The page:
What TV series are you currently watching?

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Reilly, Ace Of Spies, from 1983. A mostly true account in 12 episodes about a famous British/Russian spy who had a hand in many major early 20th century events that still shape our world. Reilly was Ian Flemming's major influence in developing the Bond character. Sam Neil played the title character.
DukeofNuke FREE RADICAL
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user Stupid cockwomble
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TOS posted:
DukeofNuke posted:
Ha! I've also been watching Enterprise in fits and starts (interspersed with early episodes of NCIS), and I've made it up to E56 (S3 E1), the beginning of the Xindi storyline.


proceed no further

S3 had some of the best episodes: Twilight, North Star and Carpenter Street.

North Star had the gal from Taken - also loved the guy who played Bennings.
TOS
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user posted:
TOS posted:
DukeofNuke posted:
Ha! I've also been watching Enterprise in fits and starts (interspersed with early episodes of NCIS), and I've made it up to E56 (S3 E1), the beginning of the Xindi storyline.


proceed no further

S3 had some of the best episodes: Twilight, North Star and Carpenter Street.

North Star had the gal from Taken - also loved the guy who played Bennings.


the whole xindi storyline was a complete disaster, made no sense at all, and forever guaranteed the series would be set aside from the rest of the trek franchise
user Stupid cockwomble
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Agreed, but those still were good episodes. North Star had nothing to do with the Xindi.
Vulture 420
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Season 4 Episode 17 "Bound" was about sex pheromones getting the male crew hot and heavy for some green "slave" women. Good episode, and I remember it because in the Enterprise Gym they are using the same weights I have to work out.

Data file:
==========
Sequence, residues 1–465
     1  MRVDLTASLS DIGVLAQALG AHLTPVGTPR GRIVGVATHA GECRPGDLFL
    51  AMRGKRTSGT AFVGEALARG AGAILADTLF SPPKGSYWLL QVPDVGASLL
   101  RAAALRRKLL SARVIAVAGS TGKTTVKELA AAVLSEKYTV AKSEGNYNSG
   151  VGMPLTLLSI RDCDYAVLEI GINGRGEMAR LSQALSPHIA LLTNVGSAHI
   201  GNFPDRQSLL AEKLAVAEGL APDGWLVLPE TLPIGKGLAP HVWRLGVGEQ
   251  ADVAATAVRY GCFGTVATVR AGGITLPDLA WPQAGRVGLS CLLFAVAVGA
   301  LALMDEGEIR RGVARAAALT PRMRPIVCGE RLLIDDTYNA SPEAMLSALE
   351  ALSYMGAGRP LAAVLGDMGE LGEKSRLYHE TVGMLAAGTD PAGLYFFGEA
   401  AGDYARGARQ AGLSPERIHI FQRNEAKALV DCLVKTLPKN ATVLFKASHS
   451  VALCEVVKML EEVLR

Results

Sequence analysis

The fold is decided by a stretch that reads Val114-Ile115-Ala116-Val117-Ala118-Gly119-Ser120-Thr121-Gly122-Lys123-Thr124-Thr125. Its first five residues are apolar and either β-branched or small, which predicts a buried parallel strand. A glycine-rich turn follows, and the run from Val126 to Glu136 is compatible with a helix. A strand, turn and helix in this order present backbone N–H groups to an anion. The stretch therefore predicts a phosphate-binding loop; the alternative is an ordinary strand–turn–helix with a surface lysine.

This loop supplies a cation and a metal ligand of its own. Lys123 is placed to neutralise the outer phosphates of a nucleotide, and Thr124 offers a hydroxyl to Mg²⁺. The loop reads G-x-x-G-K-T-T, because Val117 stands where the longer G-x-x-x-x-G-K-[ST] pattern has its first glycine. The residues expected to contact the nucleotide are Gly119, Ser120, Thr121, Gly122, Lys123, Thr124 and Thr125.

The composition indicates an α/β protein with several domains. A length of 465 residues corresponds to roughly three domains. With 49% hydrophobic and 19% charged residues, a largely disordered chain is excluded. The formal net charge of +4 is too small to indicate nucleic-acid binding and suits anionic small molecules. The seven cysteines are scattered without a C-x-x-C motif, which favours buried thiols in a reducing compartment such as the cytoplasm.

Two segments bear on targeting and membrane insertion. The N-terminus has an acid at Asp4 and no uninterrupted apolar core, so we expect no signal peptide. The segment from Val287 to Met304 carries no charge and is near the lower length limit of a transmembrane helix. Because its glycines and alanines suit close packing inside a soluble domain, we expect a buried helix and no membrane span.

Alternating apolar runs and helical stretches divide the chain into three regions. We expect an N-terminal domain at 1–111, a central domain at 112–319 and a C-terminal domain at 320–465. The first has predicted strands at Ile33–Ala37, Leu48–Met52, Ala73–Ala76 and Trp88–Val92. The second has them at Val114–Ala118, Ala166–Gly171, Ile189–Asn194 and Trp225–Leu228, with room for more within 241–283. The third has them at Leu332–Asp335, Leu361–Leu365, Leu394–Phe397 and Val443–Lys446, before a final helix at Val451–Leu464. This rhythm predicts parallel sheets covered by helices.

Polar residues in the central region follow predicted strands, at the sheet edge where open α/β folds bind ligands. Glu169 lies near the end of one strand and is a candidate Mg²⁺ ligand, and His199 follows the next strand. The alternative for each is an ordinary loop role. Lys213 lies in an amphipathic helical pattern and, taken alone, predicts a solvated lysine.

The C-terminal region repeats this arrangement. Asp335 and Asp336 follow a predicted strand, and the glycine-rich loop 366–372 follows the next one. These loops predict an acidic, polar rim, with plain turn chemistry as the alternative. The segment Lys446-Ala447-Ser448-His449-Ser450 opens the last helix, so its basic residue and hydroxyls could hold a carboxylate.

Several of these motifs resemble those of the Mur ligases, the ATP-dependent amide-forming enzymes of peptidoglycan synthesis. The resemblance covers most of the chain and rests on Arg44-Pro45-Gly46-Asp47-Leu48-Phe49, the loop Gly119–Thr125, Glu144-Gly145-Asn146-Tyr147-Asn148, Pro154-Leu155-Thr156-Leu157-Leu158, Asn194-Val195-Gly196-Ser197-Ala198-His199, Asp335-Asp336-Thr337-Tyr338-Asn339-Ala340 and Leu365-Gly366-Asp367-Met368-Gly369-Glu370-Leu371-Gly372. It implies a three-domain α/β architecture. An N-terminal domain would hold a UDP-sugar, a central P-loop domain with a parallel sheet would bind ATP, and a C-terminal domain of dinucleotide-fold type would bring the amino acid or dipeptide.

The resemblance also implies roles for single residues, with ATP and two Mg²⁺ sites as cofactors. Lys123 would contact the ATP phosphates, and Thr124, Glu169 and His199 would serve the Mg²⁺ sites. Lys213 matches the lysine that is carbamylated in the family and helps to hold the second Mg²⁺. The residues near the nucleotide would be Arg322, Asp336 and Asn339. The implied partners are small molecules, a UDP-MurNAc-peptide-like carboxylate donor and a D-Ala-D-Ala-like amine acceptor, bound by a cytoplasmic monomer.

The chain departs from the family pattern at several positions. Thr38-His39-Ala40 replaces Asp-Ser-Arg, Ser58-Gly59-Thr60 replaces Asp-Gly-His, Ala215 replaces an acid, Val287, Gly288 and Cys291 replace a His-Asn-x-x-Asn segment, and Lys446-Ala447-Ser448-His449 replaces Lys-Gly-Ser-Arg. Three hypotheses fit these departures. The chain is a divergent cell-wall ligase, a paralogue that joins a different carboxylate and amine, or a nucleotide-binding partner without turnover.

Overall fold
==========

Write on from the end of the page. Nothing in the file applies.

Ah, my mistake: Armistice (Ingrid Bolsø Berdal) is the host with the snake tattoo.

The administrator for Westworld is Theresa (Sidse Babett Knudsen).
So Westworld is continuing to fill in its backstory. Not sure if it is enough to keep me going. MAYBE I'll watch next week's episode.

Theresa had gone to Westworld as a young girl? Even ignoring the sheer expense and the possibility of employee discounts, what kind of irresponsible parent would do that?

The Man in Black apparently is a recognized philanthropist "back" in the real world, but he gruffly tells another guest that he is on vacation to get away from all of that and warns him that he will do something to make him regret bringing it up ever again.

So the hosts either by programming or by somehow computer "generated" reactions cannot fire a gun at a guest or at least seriously wound a guest. How about that wicked knife that Wyatt had--can he use that on a guest? Let's say a guest shoots that blade out of Wyatt's hand: what prevents that ricocheting knife from hitting a guest (well, maybe by a quick "reaction" by a host to get in the way)? Or prevents a guest from getting a boot stuck in a stirrup and getting dragged and trampled by his android horse if only for a short while? Or stops a guest from committing murder by pushing another guest off even a rather short cliff, much less off some of the higher topography within Westworld? Aren't there a miilion ways to die in (the) Westworld?

A lot of problems for Westworld are pretty much the same as those for holodecks in Star Trek (well, for TNG and later by internal Trek chronology). At least in Star Trek the simulation could be frozen or even ended to allow a person inside the holodeck to extricate himself out of whatever simulated danger he was in, but not so for Westworld except via script contrivances.
TOS
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they shoot at guests with wild abandon, their guns just can't cause any harm

they've also shown kids there previously

i think your grouchiness would vanish if you would simply practice a litle suspension of disbelief, which is necessary to enjoy all creative content